"These are tough cuts because they are flesh and blood," then-Superintendent Jeff Weaver said.
He said the cuts were necessary to shave $6 million in operating expenses over the next two years and to keep the next levy request as low as possible.
Weaver said voters' rejection of a 5.8-mill levy in November 2012 made the budget cuts inevitable. Suzanne Koch, co-president of the Upper Arlington Education Association, said the teachers union was concerned about "the reduction of nearly 5 percent of our teaching staff and its impact on students."
Weaver retired July 31 and Imhoff came on board with a base salary of $165,000. He came to Upper Arlington from a post as superintendent of Mariemont City Schools in suburban Cincinnati.
Imhoff introduced a new efficiency project designed to look for savings in building and district budgets. The aim is "to reduce forecasted costs by a cumulative $4.5 million by the end of fiscal year 2017."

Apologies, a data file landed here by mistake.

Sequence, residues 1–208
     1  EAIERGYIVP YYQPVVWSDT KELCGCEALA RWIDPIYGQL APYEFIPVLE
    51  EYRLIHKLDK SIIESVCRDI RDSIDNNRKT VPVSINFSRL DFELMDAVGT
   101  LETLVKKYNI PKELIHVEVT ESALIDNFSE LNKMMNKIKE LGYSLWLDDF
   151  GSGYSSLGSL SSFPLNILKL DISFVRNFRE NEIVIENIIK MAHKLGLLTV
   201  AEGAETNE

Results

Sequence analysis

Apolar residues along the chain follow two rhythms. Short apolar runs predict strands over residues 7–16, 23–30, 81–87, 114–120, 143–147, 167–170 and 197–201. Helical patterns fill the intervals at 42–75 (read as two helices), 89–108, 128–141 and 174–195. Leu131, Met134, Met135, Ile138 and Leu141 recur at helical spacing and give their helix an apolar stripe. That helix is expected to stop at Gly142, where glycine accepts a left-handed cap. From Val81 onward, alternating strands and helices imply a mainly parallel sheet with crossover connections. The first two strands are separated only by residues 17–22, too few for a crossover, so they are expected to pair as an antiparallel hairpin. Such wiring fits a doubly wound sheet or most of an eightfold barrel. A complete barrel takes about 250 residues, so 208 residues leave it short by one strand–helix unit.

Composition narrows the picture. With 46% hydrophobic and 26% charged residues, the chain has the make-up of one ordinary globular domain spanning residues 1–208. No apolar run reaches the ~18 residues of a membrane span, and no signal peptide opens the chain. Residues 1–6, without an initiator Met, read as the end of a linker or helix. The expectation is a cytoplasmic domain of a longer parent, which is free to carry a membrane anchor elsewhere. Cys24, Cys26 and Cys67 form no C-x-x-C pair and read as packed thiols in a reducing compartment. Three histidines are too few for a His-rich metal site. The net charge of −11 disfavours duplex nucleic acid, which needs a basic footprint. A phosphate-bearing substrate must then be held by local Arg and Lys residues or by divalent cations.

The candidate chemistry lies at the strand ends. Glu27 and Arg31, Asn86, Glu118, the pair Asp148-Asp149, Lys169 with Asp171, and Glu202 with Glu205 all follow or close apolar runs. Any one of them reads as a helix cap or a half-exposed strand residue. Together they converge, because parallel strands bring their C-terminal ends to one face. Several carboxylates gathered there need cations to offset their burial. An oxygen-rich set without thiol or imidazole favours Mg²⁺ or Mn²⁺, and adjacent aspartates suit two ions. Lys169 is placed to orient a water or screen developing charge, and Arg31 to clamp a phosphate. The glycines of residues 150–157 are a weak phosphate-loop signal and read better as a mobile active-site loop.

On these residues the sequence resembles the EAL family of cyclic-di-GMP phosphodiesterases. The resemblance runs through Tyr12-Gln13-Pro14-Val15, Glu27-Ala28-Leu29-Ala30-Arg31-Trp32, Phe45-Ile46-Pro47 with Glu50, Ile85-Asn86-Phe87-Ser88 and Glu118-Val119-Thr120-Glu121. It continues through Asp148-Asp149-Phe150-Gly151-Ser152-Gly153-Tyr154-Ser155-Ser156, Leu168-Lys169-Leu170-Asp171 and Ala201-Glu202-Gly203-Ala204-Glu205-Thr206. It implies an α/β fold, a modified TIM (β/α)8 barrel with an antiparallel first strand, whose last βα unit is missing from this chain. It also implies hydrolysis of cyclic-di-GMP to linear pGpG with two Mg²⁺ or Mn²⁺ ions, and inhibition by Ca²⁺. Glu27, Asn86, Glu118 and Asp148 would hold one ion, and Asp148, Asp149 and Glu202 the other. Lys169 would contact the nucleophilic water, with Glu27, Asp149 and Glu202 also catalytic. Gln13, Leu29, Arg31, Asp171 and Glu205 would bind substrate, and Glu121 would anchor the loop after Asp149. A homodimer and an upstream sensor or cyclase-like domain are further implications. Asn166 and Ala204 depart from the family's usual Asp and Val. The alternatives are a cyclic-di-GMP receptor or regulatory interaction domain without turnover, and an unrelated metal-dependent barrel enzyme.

He said the savings had to be found to keep a November levy request low. He also said the plan would include detailed action steps with targeted cost-reduction amounts for each of the next three fiscal years.
Both Barrington and Greensview elementary schools conducted fundraisers in 2013, and with the help of local businesses, were able to install American Disability Act (ADA)-accessible playgrounds at their schools.
Barrington's playground became the first ADA-accessible playground in Upper Arlington.
Local organizations donated more than $150,000 to build the Barrington Welcome Playground, which includes a "cocoon" swing for children with autism, plus wheelchair ramps, chair swings and jungle gyms designed to accommodate all children.
Barrington houses the district's kindergarten-through-second-grade program for children with multiple disabilities.
Greensview houses the rest of the multiple disabilities program. Its new accessible playground will also serve all children who play at the adjacent Sunny 95 Park in Upper Arlington. Phase one of the playground was completed in October, for about $65,000.
Greensview's PRIDE playground provides play space for all elementary-age children during or after school hours. As part of the play space at Sunny 95 Park, it may also host park programs.
State report card
Upper Arlington schools earned mostly A's on the Ohio's revised state report card, but a couple of C grades will help guide intervention efforts, administrators said.